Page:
How to help your money grow in 2023 against a backdrop of economic uncertainty

Experts say the easiest way to grow your money this year is to keep things simple

Canadian investors who made it through a tumultuous 2022 face further uncertainty in the year ahead amid increased recession risk, higher interest rates, persistent inflation, a jittery stock market and a plummeting real estate market.

Investment professionals and personal finance experts say the easiest way to grow your money this year is to keep things simple.

It’s a good time to invest in the stock market now that prices have come down quite a bit, especially for people with time on their side, said investment expert and author of “The Sassy Investor” Michelle Hung.

“Investing in some broad market index funds like the S&P 500 index, S&P/TSX composite index, and high−quality dividend funds are good for money growth in the long term,” she said.

“There is some good value out there with companies that pay steady dividends and have modest growth potential and are less volatile than, for example, technology companies. Canadian bank stocks fall into that category. They’re always good to have in your portfolio.”

Hung also suggests including some safer investment options like guaranteed investment certificates (GICs). The two main features of every GIC is the term and the interest rate.

“Some GICs are paying upwards of five per cent per year,” she said.

Hung added that with higher interest rates, fixed−income products, such as bonds, are better now as an investment option than at any time over the last decade.

When it comes to where stock markets are headed, Carol Schleif, chief investment officer at BMO Family Office expects them to move from jittery to range−bound as investors settle into the new normal of higher interest rates. A range−bound market is when the price of financial assets like stocks or commodities remain in a relatively tight range for an extended period of time.

“There are ways to balance the risks of investing in stocks. Be diversified by market capitalization, locale and industry. Watch your costs and turnover. Adopt a long−term attitude and use dollar−cost averaging and rebalancing to your advantage,” she said.

Being in cash right now isn’t a bad idea, Schleif added.

“Cash is no longer trash. Many advisors are weaving cash holdings into asset allocation recommendations — when it historically hasn’t been considered an asset class in its own right. Investors can get paid to be patient,” she said.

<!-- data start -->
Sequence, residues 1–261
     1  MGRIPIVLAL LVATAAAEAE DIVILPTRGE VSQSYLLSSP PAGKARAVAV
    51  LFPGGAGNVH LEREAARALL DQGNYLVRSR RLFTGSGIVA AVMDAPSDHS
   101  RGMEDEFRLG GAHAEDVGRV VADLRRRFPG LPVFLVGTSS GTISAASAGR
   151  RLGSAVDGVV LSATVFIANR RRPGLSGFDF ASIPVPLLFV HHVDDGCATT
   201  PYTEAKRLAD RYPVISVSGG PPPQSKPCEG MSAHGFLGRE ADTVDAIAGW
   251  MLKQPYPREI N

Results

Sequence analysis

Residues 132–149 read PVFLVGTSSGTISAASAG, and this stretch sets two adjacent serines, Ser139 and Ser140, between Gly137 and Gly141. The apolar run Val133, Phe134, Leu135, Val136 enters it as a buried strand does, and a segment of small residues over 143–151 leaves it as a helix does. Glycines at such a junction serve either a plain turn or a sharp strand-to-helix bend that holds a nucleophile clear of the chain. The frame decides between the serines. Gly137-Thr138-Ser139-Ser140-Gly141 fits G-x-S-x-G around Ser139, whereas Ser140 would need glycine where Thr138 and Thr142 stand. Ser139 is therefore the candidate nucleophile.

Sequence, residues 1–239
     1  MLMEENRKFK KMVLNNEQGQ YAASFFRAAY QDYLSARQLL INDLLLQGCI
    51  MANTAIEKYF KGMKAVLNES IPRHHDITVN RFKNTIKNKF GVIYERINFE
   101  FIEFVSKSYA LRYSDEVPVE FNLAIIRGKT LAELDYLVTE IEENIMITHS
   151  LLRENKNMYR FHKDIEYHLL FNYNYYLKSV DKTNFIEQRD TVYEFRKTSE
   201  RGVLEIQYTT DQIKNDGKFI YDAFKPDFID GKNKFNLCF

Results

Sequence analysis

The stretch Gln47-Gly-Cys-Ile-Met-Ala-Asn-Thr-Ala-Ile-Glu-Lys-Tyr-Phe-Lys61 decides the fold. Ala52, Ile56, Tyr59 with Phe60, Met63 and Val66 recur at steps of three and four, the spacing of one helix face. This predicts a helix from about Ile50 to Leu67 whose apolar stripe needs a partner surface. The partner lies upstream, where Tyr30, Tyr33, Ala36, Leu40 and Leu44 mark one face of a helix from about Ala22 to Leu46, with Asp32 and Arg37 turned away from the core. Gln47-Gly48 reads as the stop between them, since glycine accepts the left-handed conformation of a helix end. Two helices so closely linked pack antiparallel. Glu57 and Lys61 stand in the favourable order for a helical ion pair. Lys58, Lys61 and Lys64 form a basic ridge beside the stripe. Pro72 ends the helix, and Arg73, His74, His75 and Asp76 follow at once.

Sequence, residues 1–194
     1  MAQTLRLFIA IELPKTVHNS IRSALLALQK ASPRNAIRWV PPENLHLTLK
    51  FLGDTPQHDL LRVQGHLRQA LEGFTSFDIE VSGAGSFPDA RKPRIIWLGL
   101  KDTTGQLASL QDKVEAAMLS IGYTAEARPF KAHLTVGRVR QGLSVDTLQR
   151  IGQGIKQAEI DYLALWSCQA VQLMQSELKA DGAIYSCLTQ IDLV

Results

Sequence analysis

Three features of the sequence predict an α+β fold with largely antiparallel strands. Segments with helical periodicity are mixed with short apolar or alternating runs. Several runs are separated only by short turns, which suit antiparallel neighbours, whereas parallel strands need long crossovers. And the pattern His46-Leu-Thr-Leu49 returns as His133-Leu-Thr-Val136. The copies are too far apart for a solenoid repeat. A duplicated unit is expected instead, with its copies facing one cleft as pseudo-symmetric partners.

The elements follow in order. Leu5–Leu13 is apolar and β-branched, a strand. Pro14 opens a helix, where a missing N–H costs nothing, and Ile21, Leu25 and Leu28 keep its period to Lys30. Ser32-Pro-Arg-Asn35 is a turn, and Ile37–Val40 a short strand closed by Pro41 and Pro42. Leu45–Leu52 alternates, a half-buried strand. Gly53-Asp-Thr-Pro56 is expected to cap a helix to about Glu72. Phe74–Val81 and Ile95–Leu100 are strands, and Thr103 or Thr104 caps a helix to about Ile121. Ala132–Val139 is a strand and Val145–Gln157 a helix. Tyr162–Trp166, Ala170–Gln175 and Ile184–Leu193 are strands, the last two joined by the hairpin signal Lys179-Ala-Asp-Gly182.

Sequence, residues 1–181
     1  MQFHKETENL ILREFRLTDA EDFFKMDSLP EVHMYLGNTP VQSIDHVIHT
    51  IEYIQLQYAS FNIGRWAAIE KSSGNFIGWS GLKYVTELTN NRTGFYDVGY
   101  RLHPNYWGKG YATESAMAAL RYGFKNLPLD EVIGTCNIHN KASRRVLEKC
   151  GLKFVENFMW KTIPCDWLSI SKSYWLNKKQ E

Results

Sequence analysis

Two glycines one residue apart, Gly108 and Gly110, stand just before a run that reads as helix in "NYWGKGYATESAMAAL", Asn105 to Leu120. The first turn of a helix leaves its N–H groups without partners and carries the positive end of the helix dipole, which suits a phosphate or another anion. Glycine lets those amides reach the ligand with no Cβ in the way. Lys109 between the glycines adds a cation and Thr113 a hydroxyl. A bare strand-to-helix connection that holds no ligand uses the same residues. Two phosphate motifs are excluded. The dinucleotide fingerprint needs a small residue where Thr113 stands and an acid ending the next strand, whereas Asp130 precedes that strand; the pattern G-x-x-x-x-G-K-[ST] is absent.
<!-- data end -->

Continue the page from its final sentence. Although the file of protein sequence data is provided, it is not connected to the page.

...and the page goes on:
Cash, or liquid funds, in an investment portfolio gives you wiggle room during times of financial uncertainty.

When thinking about the stock market as a vehicle to build wealth, Diana Orlic, portfolio manager and wealth advisor at Richardson Wealth, said it is important to consider what stage of life you’re in.

“If you’re young, you actually want terrible markets, because you’re the one that is buying, and you want to buy low,” she said.

“If you’re established and you have a good net worth, I think this is the perfect time right now to review your portfolio. If you have gains, take them — take your winners. If there are things that you’re uncomfortable with, now is the time to do a tune−up.”

Orlic said she prefers the Canadian markets for commodities, materials and utilities stocks and the U.S. markets for financials and healthcare at the moment.

Technology stocks got pummeled in 2022, and while Orlic doesn’t expect them to be the leaders in the next leg up in the market, she isn’t negative on the sector.

“I do think that there’s still room for growth there. But will (tech) perform like the previous years? I think that remains to be seen.”

For people looking for less conventional investment opportunities, The Sassy Investor’s Hung said the crypto market is still worth taking a look at as popular cryptocurrencies like bitcoin and ethereum try to regain their footing after a challenging 2022.

“I do have my eye on cryptocurrency now that it’s so out of favour. It’s not for everyone, but for those who can stomach higher risks, it’s an asset class to keep an eye out on,” she said.

Real estate is a good investment as long as you’re not putting all or most of your eggs into the basket, Richardson Wealth’s Orlic said.

“If all your assets are in real estate, the trouble could be if some of the investment properties aren’t doing well or people aren’t paying. Do you have the cash flow to sustain it during bad times? Do you have the cash to sustain it if interest rates go up and mortgage costs go up?”

BMO’s Schleif points to timber, mineral rights, farmland, wine, and art as alternative investments worth considering, though getting good guidance on selecting the right alternative investments and understanding their tax implications is crucial, she explained.

When seeking out investment opportunities, Parween Mander, financial counsellor and money coach, is urging people not to be impulsive amid all of the noise that really ticked up during the COVID−19 pandemic era.

“I think we really need to be mindful of the role of social media and personal finance advice that’s encouraging people to take advantage of the current real estate and stock markets and invest because things are cheaper,” she said.

“Advice like buying real estate to flip into Airbnb, crypto, and stock picking is very dangerous advice that some people may think is right for them because it’s a ’great time to invest.’”

It is especially important during uncertain times to be smart with your money, Mander said, and to prioritize debt resilience and ultimately ensure your financial foundation is secure before looking to build on it.

banner image: The Canadian Press

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